To Give or Not to Give? Ultrasound Enhancing Agents Remain Underutilized Tools for the Quantification of Left Ventricular Ejection Fraction
August 20, 2020 — JASE
Ultrasound enhancing agents (UEAs) have been demonstrated to improve left ventricular ejection fraction (LVEF) quantification and impact clinical decisions. Nevertheless, UEAs are used in only 6-7% of all transthoracic echocardiographs (TTEs) performed nationally. Furthermore, the decision is left up to the sonographer to give UEAs for subjectively suboptimal images, defined by ASE guidelines as the inability to detect two or more contiguous segments in any three of the apical windows. With a UEA usage rate of 45% at our institution, we sought to determine if current sonographer judgement correctly identifies TTEs that need UEAs to determine an accurate LVEF.
We performed a retrospective study with 209 patients (pts) who underwent both routine TTE and cardiac magnetic resonance imaging (c-MR) within 6 months. A concordance correlation analysis was utilized to determine the inter-rater reliability (agreement) between physician-derived LVEF (MD-EF) and c-MR. Fisher transformation was used to compare Pearson’s and concordance correlations of c-MR and MD-EF in UEA versus non-UEA images.
Of the total 209 pts (56% men; mean age 54.1 years), 109 pts received UEAs while 100 pts received a TTE without UEAs. There were 62 pts that had reduced LVEF < 40% by c-MR while 147 pts had an LVEF > 40% (mean LVEF 49%). MD-EF of UEA images correlated well with c-MR with R2 = 0.828 (N = 109) (Fig 1). The correlation for MD-EF in nonUEA images with c-MR was R2 = 0.709 (N = 100) (Fig 1). The difference between the two Pearson’s correlation r is significant with p = 0.018. When analyzing for concordance between MD-EF and c-MR, the concordance correlation coefficient (ρc) = 0.910 for UEA images was significantly different from the ρc = 0.842 for non-UEA images (p = 0.017). For those with LVEF < 40%, the ρc = 0.764 for UEA images was significantly different from the ρc = 0.312 for non-UEA images (p = 0.018).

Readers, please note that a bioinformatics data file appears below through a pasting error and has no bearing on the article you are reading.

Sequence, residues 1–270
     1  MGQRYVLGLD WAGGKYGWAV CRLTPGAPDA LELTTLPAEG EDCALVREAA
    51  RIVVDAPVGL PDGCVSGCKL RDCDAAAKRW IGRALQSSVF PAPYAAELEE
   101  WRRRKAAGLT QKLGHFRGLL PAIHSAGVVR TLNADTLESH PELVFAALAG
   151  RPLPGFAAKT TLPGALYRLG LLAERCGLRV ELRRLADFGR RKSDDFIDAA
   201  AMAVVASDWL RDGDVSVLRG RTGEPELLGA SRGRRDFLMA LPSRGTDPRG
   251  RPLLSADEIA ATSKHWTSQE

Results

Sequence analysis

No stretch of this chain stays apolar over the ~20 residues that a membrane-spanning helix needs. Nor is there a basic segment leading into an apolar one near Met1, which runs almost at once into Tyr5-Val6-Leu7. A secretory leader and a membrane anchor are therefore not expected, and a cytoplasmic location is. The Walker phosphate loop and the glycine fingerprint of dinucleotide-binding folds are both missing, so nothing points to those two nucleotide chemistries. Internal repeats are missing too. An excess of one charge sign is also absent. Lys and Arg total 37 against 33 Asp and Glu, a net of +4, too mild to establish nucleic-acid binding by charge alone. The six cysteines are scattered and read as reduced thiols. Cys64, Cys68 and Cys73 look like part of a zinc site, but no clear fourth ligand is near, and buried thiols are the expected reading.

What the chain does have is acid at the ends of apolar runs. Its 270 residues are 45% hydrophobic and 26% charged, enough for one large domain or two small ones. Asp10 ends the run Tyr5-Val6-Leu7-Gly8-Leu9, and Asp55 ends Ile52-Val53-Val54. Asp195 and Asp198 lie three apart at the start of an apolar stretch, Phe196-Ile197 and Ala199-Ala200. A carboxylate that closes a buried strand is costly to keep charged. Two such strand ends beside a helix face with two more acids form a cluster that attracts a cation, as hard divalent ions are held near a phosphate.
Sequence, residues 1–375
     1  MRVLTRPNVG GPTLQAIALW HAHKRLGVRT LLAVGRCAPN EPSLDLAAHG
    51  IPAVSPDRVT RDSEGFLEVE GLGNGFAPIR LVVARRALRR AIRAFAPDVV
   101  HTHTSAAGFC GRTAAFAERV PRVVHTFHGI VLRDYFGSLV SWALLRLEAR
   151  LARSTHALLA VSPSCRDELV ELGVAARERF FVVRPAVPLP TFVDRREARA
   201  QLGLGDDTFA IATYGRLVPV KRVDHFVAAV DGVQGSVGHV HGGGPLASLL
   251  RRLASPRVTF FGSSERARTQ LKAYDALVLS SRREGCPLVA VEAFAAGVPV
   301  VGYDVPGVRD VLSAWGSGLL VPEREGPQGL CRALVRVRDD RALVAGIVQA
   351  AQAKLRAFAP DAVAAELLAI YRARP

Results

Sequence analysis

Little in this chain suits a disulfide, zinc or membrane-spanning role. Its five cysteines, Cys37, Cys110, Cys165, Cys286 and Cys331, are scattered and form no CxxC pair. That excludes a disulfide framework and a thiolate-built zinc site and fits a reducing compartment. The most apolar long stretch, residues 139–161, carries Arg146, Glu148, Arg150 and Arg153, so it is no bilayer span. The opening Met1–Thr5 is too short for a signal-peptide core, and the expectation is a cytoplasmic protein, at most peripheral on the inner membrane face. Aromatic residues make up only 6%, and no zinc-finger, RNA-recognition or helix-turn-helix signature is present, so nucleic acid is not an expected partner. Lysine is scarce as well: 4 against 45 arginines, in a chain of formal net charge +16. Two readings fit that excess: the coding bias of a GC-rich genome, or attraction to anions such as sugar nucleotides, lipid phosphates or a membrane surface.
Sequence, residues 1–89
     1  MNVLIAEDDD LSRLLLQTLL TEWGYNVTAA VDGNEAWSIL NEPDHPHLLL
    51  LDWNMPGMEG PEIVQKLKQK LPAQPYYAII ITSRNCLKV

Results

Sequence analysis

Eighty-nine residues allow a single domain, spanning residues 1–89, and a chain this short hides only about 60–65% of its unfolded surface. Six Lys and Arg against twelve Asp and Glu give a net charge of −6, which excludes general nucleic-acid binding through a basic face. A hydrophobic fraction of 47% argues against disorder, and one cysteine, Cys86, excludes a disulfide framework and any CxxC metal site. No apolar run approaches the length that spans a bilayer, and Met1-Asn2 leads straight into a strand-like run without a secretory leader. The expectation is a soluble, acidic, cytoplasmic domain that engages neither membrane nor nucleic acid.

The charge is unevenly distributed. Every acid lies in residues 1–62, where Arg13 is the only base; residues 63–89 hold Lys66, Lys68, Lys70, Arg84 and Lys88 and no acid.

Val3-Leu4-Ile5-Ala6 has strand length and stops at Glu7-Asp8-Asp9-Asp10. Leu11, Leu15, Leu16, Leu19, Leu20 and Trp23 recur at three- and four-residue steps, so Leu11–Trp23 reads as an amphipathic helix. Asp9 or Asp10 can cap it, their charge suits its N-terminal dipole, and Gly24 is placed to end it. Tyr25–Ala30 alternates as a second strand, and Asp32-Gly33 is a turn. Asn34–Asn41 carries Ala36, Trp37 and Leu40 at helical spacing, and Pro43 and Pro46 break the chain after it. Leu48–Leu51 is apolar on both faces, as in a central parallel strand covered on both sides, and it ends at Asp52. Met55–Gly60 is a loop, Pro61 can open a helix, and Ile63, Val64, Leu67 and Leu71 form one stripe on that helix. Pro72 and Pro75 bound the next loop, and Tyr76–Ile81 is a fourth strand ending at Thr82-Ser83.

Despite the high utilization of UEAs at our institution, use of UEAs still significantly improved LVEF quantification compared to non-UEA studies; this was especially true for pts with LVEF < 40%. Thus, our data suggest that contemporary guidelines are not sufficiently robust to guide sonographers in the decision to use UEAs and that higher utilization of UEAs is necessary for accurate TTE LVEF quantification.
Authors: Ashton C. Lai, Solomon Bienstock, Rajeev Samtani, Frans Beerkens, Lori Croft, Steve Liao, Eric Stern, Martin E. Goldman
Mount Sinai Hospital, New York, NY
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